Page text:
by Jacob Miley
MACKAY ratepayers are wasting about $1.3million a year in unused dump vouchers while others are being forced to pay.
The council hands out three dump vouchers with every six-month rates notice for residents to use to throw away their green waste and general rubbish.
Since the system was introduced in 2014 only one-quarter of the 60,000 vouchers handed out each year are used.
And while they go to waste, others like Mackay resident Rex Martin are driving around town with half a load of rubbish on his truck, after refusing on principle to pay the $7 fee for half a load on his small flat-top truck. He says it's barely enough to fill a domestic rubbish bin.
Mr Martin had been to the Paget Transfer Station before, where he used two of the three vouchers he had been given with his rates notice and asked a worker what he was supposed to do with the one left over.
He said he was told he "could dump half a load of rubbish with one voucher or a whole load of green (waste)". But on a return trip that turned out not to be the case.
"They said they would settle for one voucher and $7," he said.
To be sure, he left, and returned the next day, only to be told the same thing.
But Mr Martin wasn't going to pay the fee, even that small amount; he is out of work with a heart condition.
Mr Martin simply believes common sense should prevail.
"You look at that (the size of the load) and go, 'just give us one voucher mate, that's all I've got'," he said.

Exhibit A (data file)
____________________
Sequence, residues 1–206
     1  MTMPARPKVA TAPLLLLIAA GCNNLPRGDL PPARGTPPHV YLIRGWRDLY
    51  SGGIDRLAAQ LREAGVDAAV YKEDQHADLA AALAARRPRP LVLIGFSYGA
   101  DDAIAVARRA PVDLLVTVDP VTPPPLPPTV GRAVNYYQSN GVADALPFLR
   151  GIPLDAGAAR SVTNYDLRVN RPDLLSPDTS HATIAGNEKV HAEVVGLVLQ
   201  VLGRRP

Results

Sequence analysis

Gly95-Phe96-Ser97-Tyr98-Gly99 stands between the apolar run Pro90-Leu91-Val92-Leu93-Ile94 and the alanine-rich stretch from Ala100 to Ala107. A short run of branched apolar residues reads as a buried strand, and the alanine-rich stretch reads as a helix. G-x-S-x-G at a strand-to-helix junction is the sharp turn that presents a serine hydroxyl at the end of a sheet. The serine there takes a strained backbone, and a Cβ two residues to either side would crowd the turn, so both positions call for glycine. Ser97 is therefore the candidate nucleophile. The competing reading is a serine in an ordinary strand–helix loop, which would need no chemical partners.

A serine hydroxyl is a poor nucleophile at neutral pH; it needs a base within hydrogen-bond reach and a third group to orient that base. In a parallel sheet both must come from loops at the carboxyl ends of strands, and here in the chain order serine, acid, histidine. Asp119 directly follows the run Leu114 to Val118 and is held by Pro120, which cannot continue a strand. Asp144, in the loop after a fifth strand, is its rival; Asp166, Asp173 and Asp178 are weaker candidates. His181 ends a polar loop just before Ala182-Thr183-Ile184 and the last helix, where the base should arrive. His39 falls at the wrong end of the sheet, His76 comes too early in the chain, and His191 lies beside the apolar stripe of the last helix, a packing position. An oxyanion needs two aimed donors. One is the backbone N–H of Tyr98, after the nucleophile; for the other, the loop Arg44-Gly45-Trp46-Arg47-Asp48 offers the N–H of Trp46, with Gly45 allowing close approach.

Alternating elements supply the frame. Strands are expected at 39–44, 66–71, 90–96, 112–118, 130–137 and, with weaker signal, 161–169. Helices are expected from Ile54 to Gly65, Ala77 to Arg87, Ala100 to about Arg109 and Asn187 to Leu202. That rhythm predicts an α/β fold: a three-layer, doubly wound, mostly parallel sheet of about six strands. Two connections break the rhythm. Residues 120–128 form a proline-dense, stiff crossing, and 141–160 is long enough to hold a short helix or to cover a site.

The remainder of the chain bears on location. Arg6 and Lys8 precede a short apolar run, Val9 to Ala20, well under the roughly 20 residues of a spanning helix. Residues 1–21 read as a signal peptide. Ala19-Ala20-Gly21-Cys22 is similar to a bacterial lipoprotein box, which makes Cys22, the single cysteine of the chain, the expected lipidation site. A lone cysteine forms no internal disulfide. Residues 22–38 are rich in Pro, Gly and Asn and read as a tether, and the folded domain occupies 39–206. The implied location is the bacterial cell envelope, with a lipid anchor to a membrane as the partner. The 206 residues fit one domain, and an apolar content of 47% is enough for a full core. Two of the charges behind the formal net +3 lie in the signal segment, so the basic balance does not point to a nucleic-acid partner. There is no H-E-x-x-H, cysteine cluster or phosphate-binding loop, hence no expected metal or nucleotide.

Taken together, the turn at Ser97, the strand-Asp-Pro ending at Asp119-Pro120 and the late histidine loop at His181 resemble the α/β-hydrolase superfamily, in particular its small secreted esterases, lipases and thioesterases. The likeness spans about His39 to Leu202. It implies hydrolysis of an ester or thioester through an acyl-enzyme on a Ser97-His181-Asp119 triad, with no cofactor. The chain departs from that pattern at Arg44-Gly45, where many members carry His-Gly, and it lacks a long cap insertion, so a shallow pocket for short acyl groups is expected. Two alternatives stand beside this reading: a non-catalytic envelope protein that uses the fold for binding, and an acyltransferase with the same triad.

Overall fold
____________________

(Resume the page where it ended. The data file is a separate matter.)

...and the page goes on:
Infrastructure and services committee chair Cr Karen May said there was a set cost system relating to the use of dump vouchers.
"In relation to domestic waste, one voucher is equal to a sedan or station wagon. Two vouchers are needed for a utility, flat-top, van or trailer," she said.
However, she said, with just 25% of vouchers being used it did raise questions about whether an alternate system would be better.
"People like the dump vouchers, they're happy to get the dump vouchers with their rates (but) whether that equates into usage...," she said.
The last time the council investigated what ratepayers wanted in terms of waste collection, dump vouchers were the obvious winner, with 44% support.
The 2009 survey gave ratepayers five options - user pays and remove the three free waste weekends; continue the three free waste weekends; two free waste weekends; dump vouchers; and the expensive kerbside pick-up.
While other councils such as Darwin, offer "free" kerbside pick-up before each storm season, Cr May said that would not be an option for Mackay ratepayers.
"Kerbside pick-up really presents some challenges for us," she said.
"We have a vast area, 7600sqkm in our area, we have a vast area of rural, rural residential and residential areas.
"And the workplace health a safety problems associated with that - because people tend to put things out that they shouldn't put out - causes problems for our workers during the pick-up."